About Phins.com
  Contact Us
  Team Info
  Twitter Feeds
  News Wire
  Phins RSS Feed
  Depth Chart
  Places To Watch
  Team History
  1972 Tribute
Privacy Policy at Phins.com
  Money Can't Buy a Ring in the NFL
    | Home | News Wire | Roster | Depth Chart | Schedule |  

by Chris Shashaty, Phins.com Columnist

Click Here To Contact Chris


Printer-Friendly Version


Here, at the start of Free Agency 2007, we are once again reminded that trying to buy a championship in the NFL just doesn’t work.


In baseball, money often rules. Why? No salary cap nor the consequences thereof. This is why George Steinbrenner has been able to buy so many championships. Sign a bad player? Trade him. You may eat his salary but there’s no punitive cap to keep you from throwing good money after bad.


In all fairness, explaining away what the Yankees do simply by citing a bottomless cash pit is not telling the whole story. You have to pick talent, of course, but you must have chemistry; guys with egos that coexist productively rather than destructively.


You also cannot rely solely on free agency to fuel your team. Steinbrenner’s big dollar signings get the press but it’s the Yankee farm system, the development of key young players like Derek Jeter that made the difference in championship seasons. Oh, and having good leadership in Joe Torre didn’t hurt.



In recent years the Yankees forgot that lesson, relying too heavily on free agency. Not surprisingly, they have gone six years without a World Series championship.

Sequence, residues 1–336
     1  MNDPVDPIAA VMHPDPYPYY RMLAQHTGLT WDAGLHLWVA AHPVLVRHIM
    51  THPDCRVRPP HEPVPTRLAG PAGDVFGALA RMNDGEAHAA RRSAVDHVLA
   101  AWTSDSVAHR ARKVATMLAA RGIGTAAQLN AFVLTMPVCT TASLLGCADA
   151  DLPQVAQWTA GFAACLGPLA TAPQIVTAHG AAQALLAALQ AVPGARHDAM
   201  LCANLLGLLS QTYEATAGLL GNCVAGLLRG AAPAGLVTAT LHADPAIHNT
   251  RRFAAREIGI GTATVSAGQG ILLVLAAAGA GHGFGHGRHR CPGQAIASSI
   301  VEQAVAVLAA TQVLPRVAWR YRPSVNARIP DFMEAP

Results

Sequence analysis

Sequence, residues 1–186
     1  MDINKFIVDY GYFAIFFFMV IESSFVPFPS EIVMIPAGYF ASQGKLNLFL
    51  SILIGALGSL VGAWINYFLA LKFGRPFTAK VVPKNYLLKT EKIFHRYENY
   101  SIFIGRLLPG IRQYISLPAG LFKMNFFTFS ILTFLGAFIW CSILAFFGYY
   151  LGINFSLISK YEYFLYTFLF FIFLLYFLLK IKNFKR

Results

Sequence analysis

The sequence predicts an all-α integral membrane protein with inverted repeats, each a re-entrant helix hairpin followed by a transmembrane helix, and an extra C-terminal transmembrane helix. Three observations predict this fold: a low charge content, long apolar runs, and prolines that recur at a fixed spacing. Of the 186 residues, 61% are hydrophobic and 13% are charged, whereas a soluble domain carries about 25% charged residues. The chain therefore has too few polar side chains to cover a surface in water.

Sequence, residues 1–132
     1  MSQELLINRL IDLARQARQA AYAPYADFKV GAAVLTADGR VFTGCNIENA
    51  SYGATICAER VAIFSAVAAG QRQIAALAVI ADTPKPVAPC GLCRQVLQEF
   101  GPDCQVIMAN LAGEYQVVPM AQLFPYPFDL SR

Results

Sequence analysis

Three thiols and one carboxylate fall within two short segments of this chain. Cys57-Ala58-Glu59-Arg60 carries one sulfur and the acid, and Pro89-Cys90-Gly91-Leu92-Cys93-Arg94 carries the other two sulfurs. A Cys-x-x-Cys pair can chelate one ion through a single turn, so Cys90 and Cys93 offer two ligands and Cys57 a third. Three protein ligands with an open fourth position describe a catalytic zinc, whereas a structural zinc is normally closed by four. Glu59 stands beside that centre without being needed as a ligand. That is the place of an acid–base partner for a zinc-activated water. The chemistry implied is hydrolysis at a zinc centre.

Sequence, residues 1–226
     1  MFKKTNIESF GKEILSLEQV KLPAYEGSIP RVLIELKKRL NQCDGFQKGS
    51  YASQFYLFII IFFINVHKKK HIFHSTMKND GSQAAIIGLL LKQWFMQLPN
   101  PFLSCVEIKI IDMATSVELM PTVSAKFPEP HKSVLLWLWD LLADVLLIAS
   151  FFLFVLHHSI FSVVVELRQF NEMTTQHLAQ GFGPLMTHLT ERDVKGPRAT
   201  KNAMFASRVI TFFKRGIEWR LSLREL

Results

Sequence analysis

In the salary cap era of the NFL, the draft is the unquestioned secret to success. Teams that draft wisely and employ a strategy of building primarily via the draft will win. Those that don’t, won’t.


The reason is simple. Good young players cost less than high priced veteran free agents and are a better long term investment. They also tend to be less injury-prone (on the whole) and the rookie cap keeps most teams from hurting themselves with large, cumbersome signing bonuses. A younger player is also easier to indoctrinate into a team’s culture than a veteran set in his ways.


This is not a new lesson. If we look back to 1995, we’ll find the first team that learned about the dangers of free agency: the Miami Dolphins.


At the time, Don Shula felt as though owner Wayne Huizenga’s millions could bring him a championship in the twilight of his career. He signed expensive free agents he felt would plug holes on the Miami roster. What Shula really got were overpaid players with large egos and poor chemistry that badly underachieved. The end result was ugly as The Don resigned in the wake of a disappointing 9-8 season and a playoff blowout in Buffalo.


Miami was burdened by salary cap issues many years thereafter and could not protect some of their best players from leaving via agency (Marco Coleman, Troy Vincent, Bryan Cox). Today, the 1995 Dolphins are a case study used by the league in how not to manage the salary cap.